That isn’t something everyone around the planet can take for granted. More than a billion people do not have access to clean water, and around 1.5 million children die each year as a result of water-borne diseases.
Several projects we’ve heard about recently are employing photonics technologies to change this picture and save lives.
- A European Union research consortium is working on a compact, low-cost photocatalytic water treatment system that uses photons from sunlight to decompose organic pollutants in water. The completed system will resemble rooftop solar panels, and will be placed on dwellings near ponds and streams with poor water quality. It will require no electricity or chemicals, so will be well-suited to developing regions – and sustainable, wherever it is installed. Funded by an EU Seventh Framework Programme grant ,the consortium includes groups from Denmark, France, Italy, Israel, Jordan, South Africa, and the UK.
- Among the scientists involved in the EU project are several at Tel Aviv University, where a number of far-reaching water research efforts are in play. Dror Avisar and Hadas Mamane have initiated a planned water research center where the main goal will be to improve water reclamation methods, using new technologies the remove pesticides and other chemicals.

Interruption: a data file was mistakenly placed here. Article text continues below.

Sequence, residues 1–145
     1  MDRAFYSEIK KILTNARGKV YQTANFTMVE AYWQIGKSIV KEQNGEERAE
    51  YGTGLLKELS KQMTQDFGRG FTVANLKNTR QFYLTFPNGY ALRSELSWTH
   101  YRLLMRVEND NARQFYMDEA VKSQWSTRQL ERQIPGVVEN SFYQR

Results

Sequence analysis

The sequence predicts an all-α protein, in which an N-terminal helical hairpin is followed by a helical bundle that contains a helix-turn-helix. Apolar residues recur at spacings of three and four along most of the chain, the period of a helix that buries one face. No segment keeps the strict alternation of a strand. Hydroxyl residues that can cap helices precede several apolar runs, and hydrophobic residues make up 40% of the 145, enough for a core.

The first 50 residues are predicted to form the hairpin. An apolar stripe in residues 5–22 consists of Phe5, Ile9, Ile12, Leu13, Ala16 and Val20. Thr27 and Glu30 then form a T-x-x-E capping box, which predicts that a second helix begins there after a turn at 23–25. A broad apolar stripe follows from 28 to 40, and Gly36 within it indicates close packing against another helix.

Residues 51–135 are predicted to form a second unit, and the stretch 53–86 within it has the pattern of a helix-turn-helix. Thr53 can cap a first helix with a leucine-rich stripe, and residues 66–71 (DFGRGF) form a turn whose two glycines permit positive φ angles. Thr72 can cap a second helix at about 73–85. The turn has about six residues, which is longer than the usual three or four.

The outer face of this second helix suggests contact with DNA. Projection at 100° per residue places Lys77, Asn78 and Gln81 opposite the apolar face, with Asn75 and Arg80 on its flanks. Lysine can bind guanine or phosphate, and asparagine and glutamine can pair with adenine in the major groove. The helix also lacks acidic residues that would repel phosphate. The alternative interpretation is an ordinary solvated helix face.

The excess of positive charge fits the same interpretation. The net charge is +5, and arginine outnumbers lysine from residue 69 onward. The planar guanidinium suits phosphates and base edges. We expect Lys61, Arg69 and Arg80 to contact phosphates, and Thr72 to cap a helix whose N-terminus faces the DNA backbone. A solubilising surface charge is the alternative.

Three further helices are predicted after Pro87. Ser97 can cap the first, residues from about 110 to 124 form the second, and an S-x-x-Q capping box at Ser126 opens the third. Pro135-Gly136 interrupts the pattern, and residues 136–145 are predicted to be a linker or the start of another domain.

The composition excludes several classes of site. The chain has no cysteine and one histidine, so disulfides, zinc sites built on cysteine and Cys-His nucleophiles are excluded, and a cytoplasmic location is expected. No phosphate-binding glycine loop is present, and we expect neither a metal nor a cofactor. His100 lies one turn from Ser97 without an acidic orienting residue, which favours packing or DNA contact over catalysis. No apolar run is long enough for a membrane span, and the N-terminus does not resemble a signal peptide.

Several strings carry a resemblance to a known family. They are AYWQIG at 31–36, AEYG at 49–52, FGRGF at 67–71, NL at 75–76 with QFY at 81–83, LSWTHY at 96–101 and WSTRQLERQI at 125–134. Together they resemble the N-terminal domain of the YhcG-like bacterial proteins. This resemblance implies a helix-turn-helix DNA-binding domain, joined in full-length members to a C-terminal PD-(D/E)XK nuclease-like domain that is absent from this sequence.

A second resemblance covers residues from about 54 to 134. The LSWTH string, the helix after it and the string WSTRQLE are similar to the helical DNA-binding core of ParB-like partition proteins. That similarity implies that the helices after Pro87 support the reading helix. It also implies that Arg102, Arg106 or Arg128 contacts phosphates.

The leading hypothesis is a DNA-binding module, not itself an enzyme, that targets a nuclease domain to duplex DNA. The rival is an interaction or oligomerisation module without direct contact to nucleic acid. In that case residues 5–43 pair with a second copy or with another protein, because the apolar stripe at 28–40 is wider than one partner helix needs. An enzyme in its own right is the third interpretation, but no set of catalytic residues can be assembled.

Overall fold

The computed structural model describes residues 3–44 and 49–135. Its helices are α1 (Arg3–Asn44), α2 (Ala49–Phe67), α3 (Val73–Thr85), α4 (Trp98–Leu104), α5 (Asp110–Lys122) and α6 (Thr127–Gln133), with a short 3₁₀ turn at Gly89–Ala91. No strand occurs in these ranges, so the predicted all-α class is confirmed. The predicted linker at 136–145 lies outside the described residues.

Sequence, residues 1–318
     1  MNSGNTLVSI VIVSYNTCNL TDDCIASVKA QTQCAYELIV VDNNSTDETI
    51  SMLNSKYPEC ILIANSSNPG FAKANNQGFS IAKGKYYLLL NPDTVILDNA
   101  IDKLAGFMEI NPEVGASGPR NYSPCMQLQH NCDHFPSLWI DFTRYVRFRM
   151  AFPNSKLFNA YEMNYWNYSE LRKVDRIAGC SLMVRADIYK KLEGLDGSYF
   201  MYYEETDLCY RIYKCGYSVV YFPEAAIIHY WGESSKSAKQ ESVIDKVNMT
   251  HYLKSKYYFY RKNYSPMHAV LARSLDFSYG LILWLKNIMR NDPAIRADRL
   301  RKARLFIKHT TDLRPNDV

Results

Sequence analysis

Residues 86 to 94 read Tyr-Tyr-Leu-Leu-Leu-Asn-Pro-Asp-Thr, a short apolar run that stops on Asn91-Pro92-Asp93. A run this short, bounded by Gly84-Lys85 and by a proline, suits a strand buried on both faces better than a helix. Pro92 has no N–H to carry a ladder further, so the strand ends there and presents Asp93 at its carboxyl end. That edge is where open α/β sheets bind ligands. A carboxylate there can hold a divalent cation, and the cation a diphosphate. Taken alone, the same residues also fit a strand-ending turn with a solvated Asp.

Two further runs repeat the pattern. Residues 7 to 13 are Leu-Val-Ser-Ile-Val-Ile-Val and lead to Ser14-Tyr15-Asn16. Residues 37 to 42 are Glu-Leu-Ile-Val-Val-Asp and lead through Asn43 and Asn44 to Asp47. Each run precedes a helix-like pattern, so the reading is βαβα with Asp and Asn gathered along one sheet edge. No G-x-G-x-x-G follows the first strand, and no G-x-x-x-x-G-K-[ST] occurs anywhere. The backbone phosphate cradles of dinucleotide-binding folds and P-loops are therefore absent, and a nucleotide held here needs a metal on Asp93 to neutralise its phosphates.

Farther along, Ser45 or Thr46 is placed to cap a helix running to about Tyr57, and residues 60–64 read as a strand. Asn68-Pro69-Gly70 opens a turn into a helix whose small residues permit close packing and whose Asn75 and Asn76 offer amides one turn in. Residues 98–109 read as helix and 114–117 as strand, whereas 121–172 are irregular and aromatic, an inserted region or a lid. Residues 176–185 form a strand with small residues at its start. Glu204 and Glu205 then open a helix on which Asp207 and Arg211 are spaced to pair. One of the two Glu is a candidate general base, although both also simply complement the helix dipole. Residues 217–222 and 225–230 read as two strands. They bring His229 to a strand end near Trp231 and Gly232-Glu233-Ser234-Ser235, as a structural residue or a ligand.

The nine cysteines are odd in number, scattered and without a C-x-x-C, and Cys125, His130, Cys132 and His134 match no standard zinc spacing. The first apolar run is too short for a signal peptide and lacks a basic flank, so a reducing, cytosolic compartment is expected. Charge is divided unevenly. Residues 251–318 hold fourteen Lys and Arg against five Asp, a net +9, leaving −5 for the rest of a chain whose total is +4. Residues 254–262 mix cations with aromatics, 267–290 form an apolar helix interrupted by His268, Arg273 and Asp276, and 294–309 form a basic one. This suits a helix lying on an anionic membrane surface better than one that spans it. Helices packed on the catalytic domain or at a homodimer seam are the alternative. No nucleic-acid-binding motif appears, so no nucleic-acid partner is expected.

- A program at the University of Rochester has spun up a business plan for a new company with the goal of building inexpensive solar-powered water pumps to provide drinking and irrigation water in off-grid locations in drought-prone regions. Partners in the proposed venture are Daniel Williams, a doctoral student at the Institute of Optics; Awak Malith, a UR physics graduate who fled war-torn Sudan as a child; and Chilean business students Roberto Chavarria (a civil engineer) and Paul Oyaneder (a social psychologist).
|Awak Malith (center) on a visit last year to Sudan.|
- Researchers at the Fraunhofer Institutes have developed a bio-sensor that reacts to a wide range of potentially hazardous substances in just a few minutes, enabling constant, real-time monitoring of drinking water. The system can detect substances such as cyanide, ricin, or toxic metabolic products from bacteria that can be fatal even in concentrations of nanograms per liter. Among those working on the project at Fraunhofer are Iris Trick (Institute for Interdisciplinary Engineering and Biotechnology-IGB) and Thomas Bernard (Institute of Optronics, System Technologies and Image Exploitation-IOSB). Also participating are researchers at project partner Moldaenke.
And maybe you have ideas for more solutions?